The ongoing diplomatic crisis between Morocco and Saudi Arabia revealed the extent of the Moroccan government disdain for the domestic press. Foreign Minister Nasser Bourita gave a key interview to Al-Jazeera news during which he expressed misgivings about the Saudi led war in Yemen. His statements led to a cooling of relations between Rabat and Riyadh
Washington DC – While it is unclear whether Mr. Bourita choose purposely to give an interview about the war in Yemen to a Qatari owned media outlet, it is hard to believe that the Foreign Minister ignores the optics of criticizing Saudi Arabia on Al-Jazeera.
For the Moroccan public, the fact of the matter is, news of their country’s decision to leave the Saudi-led military coalition in Yemen and to recall its ambassador to Saudi Arabia came from foreign news outlets, while domestic organizations were left out in the cold.
Morocco spends thousands of dollars in tax payers’ money to subsidy a national news agency, the Maghreb Arab Press, a national news channel, Al-Akhbaria, and the semi-private news channel Medi 1 TV that broadcasts worldwide in French and Arabic. Yet governmental officials prefer to talk to foreign mediums.
The choice to give news scoops to non-Moroccan entities struck a chord with a wide variety of political observers in Morocco. Several journalists went online to express their frustration and anger over the government’s poor and discriminatory treatment of local journalists. In essence, Mr. Bourita and other Moroccan officials favored Al-Jazeera, the Associated Press and Russia’s Sputnik news to give key interviews and exclusive information.
In ignoring the national press, Moroccan officials feed the arguments that the foreign press is inherently superior. The fact is, Mr. Bourita could have given an interview to a local news outlet and his message would still have had the same impact in terms of reaching the audience of his choice.
Moroccan officials need to remedy this wrong and treat the domestic press as a sober political partner that can help in propagating the Kingdom’s views and positons. Furthermore, they must put the domestic press at the heart of the public discourse and equip local journalists with the knowledge and opportunities to better defend the nation’s interests on the intentional scene.
In the age of Facebook, Instagram and YouTube, important news events are re-broadcasted instantly regardless of the original source. For example, President Trump gave several interviews to little known news outlets and yet his comments were captured, analyzed and discussed the same way as any of his interviews with more known press organizations.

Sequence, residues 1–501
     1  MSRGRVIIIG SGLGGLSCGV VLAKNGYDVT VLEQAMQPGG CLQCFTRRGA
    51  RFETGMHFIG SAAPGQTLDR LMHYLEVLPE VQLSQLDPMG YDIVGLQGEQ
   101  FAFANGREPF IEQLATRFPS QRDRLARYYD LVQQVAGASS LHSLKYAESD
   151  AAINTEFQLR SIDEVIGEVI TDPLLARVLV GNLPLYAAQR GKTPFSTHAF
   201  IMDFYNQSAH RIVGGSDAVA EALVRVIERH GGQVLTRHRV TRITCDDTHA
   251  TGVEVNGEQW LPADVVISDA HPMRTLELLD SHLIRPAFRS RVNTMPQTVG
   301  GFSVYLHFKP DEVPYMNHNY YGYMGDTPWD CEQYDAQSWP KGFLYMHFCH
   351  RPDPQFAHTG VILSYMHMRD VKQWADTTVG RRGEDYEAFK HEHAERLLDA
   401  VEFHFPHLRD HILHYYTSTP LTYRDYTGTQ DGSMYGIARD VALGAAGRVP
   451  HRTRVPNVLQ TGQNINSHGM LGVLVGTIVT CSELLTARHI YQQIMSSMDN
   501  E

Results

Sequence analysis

The Moroccan Foreign Ministry, among other agencies, needs to appreciate the role and the value of native journalism in winning the ongoing media war with Algeria over the Western Sahara.
The national press needs to have a voice, a presence and diverse viewpoints when it comes to foreign policy. With engaging and well-informed journalists, Morocco can push a narrative that advances its agenda and influence hard to reach audiences.
Critics of the national media complain about the lack of professionalism among local journalists and regulations that vaguely define the profession. In fact, Moroccan media institutions have had a tough time throughout their history. The ruling establishment never sought a solid press corp. To the contrary, it gutted serious news magazines, pushed good journalists to self-exile or brought them into government friendly outlets.
Today, local and national news outlets are poor and live mostly on the few Dirhams from a stingy advertisement market in Morocco. The government and governmental agencies are the richest source of this commercial pool, thus most of the media lives and dies at the hand of politicians and bureaucrats. The truth is that the self-reliant independent Moroccan media has not failed; it never existed in the first place.
We rarely see minsters, parliamentarians or politicians face local journalists in open, fair an honest debate. Nonetheless, we have seen several tedious and scripted interviews that do hurt journalists’ reputations and protect, more than often, the amateurism of politicians.
This prejudice against the national press must stop. Journalism remains a civic institution that the government and the political establishment need to respect, support and protect.
The views expressed in this article are the author’s own and do not necessarily reflect Morocco World News’ editorial views.
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